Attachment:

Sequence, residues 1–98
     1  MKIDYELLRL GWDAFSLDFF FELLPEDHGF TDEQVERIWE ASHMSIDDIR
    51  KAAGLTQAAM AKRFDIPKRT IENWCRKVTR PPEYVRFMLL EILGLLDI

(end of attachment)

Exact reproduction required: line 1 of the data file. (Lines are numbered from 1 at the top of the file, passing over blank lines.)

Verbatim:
Sequence, residues 1–98